What happens when the ideological agenda of crunchy granola food activists intersects with the religious agenda of anti-abortion activists? You get this (recycled, bizarro) nonsense from a Seattle-based organic food advocacy website:
Biotech companies have been using aborted human fetal cells for testing the effectiveness of different flavoring agent in their products. Last year the news came out that a biotech company in CA called Senomyx has been using aborted human fetal cells in foods and beverages.
A pro-life watchdog group called Children of God for Life (CGL) has been calling the marketing scheme of the biotech companies deceptive and use of aborted human fetal cells unethical and immoral. Debi Vinnedge, the director of CGL in an interview mentions that why the biotech doesn’t come out clean and tell the public that they are using human embryonic kidney cells (HEK-293) taken from aborted babies to produce human taste receptors?
I don’t have the time or patience to deconstruct this latest bit of scare-mongering propaganda circulating on the fringes of the biotech-averse food movement. Fortunately, Matthew Herper at Forbes dove earnestly into the loopy story a year ago, when it was getting traction. As he wrote, “The fetus-derived cell line we’re talking about” is a 35-year-old technology” that is “used in the development of drugs and vaccines.” Moreover, this biotech flavoring experiment is not some dastardly scheme. Rather, Herper explained:
There’s a huge public health upside to what Synomyx is doing. They are developing flavors that mimic sugar, salt, and also savory tastes. I’m a guy who doesn’t drink soda because of the health risk involved. But replacing ingredients that can lead to obesity, high blood pressure, heart disease, and cancer strikes me as a useful endeavor. The creation of a medicine like Pulmozyme for cystic fibrosis, which the Children of God For Life says also used HEK cells, seems even more worthwhile. So do the vaccines from Merck and GlaxoSmithKline that the group also opposes.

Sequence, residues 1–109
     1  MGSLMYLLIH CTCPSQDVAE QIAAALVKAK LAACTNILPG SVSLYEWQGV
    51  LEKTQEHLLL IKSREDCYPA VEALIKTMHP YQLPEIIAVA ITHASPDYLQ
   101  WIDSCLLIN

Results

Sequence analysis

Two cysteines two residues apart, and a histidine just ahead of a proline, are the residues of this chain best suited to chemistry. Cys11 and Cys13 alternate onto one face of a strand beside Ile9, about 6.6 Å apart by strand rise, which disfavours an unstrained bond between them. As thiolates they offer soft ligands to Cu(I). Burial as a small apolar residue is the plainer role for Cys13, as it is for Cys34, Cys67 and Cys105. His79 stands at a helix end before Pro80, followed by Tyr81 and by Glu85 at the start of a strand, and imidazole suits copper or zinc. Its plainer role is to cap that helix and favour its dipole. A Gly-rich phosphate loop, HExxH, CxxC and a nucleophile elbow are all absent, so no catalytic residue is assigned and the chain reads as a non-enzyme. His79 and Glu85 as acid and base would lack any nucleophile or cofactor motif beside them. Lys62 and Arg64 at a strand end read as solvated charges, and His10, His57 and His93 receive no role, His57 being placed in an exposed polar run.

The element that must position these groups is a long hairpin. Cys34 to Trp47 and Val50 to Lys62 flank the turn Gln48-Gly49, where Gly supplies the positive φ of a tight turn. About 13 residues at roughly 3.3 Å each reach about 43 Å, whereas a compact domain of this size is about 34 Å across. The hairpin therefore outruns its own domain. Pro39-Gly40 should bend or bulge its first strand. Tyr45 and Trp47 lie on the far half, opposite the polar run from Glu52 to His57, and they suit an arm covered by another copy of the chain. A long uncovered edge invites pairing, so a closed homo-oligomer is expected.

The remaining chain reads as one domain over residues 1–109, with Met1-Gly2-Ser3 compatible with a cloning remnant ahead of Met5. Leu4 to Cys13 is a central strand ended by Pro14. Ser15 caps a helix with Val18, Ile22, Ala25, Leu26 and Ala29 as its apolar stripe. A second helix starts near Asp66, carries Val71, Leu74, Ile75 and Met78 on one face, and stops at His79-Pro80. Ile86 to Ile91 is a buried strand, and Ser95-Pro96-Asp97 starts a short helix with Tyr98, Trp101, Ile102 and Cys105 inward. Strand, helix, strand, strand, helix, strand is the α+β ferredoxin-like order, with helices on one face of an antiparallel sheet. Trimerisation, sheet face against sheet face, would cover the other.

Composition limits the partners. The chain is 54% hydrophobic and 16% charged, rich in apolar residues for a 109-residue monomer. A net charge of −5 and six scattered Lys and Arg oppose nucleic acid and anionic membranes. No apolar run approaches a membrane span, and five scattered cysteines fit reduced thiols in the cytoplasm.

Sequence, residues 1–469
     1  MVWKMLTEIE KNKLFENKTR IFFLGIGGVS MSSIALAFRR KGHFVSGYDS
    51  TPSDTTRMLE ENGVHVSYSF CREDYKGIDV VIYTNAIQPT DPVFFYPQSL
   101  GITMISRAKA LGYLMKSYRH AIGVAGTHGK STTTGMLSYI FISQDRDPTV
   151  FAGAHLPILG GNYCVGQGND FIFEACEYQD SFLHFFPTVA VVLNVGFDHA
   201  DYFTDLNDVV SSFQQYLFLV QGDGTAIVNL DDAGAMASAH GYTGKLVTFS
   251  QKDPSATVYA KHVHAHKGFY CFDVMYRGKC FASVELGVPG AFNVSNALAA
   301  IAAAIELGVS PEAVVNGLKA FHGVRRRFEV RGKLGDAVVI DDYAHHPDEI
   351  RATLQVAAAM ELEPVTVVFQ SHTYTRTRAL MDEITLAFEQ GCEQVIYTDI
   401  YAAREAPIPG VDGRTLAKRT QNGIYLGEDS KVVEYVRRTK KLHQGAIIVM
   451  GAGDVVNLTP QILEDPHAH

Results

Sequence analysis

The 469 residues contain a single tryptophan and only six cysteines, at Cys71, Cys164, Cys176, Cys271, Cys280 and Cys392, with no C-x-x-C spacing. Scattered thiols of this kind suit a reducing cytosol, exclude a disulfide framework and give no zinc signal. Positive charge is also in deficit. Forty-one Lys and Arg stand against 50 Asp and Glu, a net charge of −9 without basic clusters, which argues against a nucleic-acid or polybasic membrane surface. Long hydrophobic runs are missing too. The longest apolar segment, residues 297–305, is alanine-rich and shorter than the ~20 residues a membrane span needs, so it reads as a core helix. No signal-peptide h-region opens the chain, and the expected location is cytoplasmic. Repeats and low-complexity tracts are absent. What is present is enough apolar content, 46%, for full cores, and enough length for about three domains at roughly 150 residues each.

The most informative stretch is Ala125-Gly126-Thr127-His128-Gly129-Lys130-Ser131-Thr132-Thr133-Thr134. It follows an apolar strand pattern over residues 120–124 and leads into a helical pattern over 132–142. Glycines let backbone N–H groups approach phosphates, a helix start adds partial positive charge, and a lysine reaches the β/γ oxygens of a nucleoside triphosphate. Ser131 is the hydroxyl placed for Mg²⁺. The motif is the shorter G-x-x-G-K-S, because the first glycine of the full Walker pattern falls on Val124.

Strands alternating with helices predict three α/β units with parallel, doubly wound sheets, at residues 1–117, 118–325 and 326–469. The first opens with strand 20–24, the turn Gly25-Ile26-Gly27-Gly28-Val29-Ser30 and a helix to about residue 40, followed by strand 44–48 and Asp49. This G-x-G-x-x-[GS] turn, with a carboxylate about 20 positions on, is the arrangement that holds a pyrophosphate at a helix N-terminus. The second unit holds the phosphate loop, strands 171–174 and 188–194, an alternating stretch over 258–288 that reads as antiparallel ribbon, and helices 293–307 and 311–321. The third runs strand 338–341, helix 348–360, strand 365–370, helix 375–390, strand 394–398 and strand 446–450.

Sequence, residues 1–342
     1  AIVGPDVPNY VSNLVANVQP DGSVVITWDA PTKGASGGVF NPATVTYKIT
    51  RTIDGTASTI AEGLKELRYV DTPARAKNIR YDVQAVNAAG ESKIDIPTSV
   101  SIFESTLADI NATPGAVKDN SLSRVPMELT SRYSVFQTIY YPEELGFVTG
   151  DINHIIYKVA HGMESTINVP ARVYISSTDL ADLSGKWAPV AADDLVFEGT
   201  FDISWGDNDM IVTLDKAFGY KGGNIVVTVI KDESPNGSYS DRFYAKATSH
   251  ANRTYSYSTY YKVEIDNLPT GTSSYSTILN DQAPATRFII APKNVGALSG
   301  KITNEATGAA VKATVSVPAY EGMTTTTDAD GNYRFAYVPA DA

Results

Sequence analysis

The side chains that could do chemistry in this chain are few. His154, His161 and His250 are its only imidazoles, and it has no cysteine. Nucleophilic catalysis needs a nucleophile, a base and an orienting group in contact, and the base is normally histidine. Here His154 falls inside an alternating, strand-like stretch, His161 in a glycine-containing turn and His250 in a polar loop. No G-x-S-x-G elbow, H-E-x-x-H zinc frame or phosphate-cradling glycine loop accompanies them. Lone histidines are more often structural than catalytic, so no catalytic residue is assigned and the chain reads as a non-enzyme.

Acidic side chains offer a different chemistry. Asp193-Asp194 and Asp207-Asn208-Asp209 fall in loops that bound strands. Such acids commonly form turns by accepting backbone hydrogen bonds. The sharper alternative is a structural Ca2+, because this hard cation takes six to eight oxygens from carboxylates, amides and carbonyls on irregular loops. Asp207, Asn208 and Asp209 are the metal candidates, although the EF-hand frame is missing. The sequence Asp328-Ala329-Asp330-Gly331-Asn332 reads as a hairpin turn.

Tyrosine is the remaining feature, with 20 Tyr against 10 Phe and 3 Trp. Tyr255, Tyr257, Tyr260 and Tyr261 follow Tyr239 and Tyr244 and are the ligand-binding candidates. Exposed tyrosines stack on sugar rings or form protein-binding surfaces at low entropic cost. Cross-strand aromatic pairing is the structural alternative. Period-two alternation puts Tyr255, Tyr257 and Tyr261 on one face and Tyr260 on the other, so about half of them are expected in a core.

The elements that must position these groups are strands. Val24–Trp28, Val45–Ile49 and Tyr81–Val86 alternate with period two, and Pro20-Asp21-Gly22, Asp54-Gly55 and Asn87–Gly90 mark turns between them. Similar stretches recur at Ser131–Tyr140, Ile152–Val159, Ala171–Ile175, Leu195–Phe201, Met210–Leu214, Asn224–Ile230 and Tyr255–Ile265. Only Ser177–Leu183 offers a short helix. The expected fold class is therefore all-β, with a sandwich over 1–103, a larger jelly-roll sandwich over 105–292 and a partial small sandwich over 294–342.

I don’t think many people in science or in the drug business would think of using HEK cells as “using aborted fetuses.” To a very large extent, the HEK 293 line is being caught up in the embryonic stem cell politics of a decade later. But I can see how people who think fetal tissue should never be used in any medicine would see a problem here. I can also understand how a lot of biotechnology can seem a little scary and Frankenstein-like, because it emphasizes how malleable and manipulable our basic parts are. The fact that we can so manipulate biology challenges our view of ourselves as spiritual beings in control of our own destinies.
He’s absolutely right on that score. This is a front in the GMO wars that is neglected by biotech advocates. It’s tricky terrain. How do you address widespread unease of biotechnology without resorting to ridicule or the anti-science label? That’s a challenge that’s needs to be taken on.
UPDATE: As CBS reported last year, “it’s important to note that no part of a human kidney cell are ever a part of Senomyx’s taste enhancers or any finished food products.”
[This is the image accompanying a related article at a “wellness” site]